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Iggo Donating Member (1000+ posts) Send PM | Profile | Ignore Fri Apr-08-11 09:46 AM
Response to Reply #27
30. And when you anticipate it and it DOESN'T happen...
...you have math metal.
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MiddleFingerMom Donating Member (1000+ posts) Send PM | Profile | Ignore Fri Apr-08-11 09:42 AM
Response to Original message
29. The very first song I ever wrote all by myself...
.
.
.
...was after our first lead guitar player left. He and I co-wrote songs
together -- me supplying the lyrics and a basic musical idea and he
writing the actual music.
.
When he left, I taught myself basic guitar (NEVER got good enough
to perform onstage -- though it was fun at bonfires) so that I could
continue to write.
.
When I wrote my very first song, I was very self-conscious and it
seemed like forever before I played it for anyone -- an acoustic solo
cover performer whose opinion I respected.
.
"Oh," he said. "That's "Knockin' on Heaven's Door".
.
"IT'S NOT!!!", I cried. "IT'S A SONG THAT I... ... oh damn it... it IS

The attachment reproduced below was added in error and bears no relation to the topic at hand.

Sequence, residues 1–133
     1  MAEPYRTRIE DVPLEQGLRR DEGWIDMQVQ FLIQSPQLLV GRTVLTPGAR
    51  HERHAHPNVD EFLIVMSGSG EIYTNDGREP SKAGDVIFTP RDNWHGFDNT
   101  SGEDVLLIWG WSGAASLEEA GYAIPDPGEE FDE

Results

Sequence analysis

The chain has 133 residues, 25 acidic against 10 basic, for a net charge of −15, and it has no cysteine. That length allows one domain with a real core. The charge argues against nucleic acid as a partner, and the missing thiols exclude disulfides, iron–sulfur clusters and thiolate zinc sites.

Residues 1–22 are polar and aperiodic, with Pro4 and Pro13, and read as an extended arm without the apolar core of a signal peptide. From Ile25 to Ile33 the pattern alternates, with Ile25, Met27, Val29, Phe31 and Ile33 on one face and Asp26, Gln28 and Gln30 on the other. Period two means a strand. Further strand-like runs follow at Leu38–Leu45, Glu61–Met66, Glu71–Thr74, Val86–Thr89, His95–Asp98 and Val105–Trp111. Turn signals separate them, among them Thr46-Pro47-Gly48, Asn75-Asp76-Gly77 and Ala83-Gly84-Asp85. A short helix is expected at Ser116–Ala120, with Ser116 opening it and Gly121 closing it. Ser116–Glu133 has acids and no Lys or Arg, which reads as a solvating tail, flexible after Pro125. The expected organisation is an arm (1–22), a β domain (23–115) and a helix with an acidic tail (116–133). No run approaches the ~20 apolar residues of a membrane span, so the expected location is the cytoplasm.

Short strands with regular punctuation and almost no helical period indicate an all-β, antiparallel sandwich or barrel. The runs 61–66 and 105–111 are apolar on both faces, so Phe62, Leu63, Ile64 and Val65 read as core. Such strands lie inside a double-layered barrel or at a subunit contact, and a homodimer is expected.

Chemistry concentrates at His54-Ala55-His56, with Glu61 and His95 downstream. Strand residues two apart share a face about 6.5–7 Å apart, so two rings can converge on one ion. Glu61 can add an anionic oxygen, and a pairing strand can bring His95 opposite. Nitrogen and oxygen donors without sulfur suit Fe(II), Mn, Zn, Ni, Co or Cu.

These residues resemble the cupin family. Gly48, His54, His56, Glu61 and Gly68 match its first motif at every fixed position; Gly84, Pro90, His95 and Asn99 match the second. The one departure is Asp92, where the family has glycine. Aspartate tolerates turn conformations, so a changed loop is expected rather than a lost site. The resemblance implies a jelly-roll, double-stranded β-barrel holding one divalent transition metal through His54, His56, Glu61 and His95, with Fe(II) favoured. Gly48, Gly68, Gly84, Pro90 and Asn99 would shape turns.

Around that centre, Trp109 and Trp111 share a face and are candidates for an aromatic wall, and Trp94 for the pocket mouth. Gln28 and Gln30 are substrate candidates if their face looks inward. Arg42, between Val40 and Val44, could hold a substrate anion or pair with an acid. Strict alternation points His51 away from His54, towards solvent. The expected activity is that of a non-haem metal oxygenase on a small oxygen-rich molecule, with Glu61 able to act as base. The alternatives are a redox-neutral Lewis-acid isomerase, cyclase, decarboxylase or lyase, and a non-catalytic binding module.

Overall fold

'Knockin' on Heaven's Door'."
.
.
.
"Relax," said he. "EVERYBODY'S first song is "Knockin' on Heaven's Door".
.
.
.
:rofl:
.
.
.
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pootbutta Donating Member (57 posts) Send PM | Profile | Ignore Fri Apr-08-11 12:17 PM
Response to Original message
32. catchy song writing
the unique combination of words that fit a simple melody!
that's the ticket
also ... it helps if radio plays it incessantly :)
i've been a professional song writer for too many years to mention.
when that perfect combo happens its a great feeling.
here's a you tube of me singing "Drill Baby Drill"
catchy?
not sure, but see what you think
http://www.youtube.com/watch?v=XyuQIgL8dM8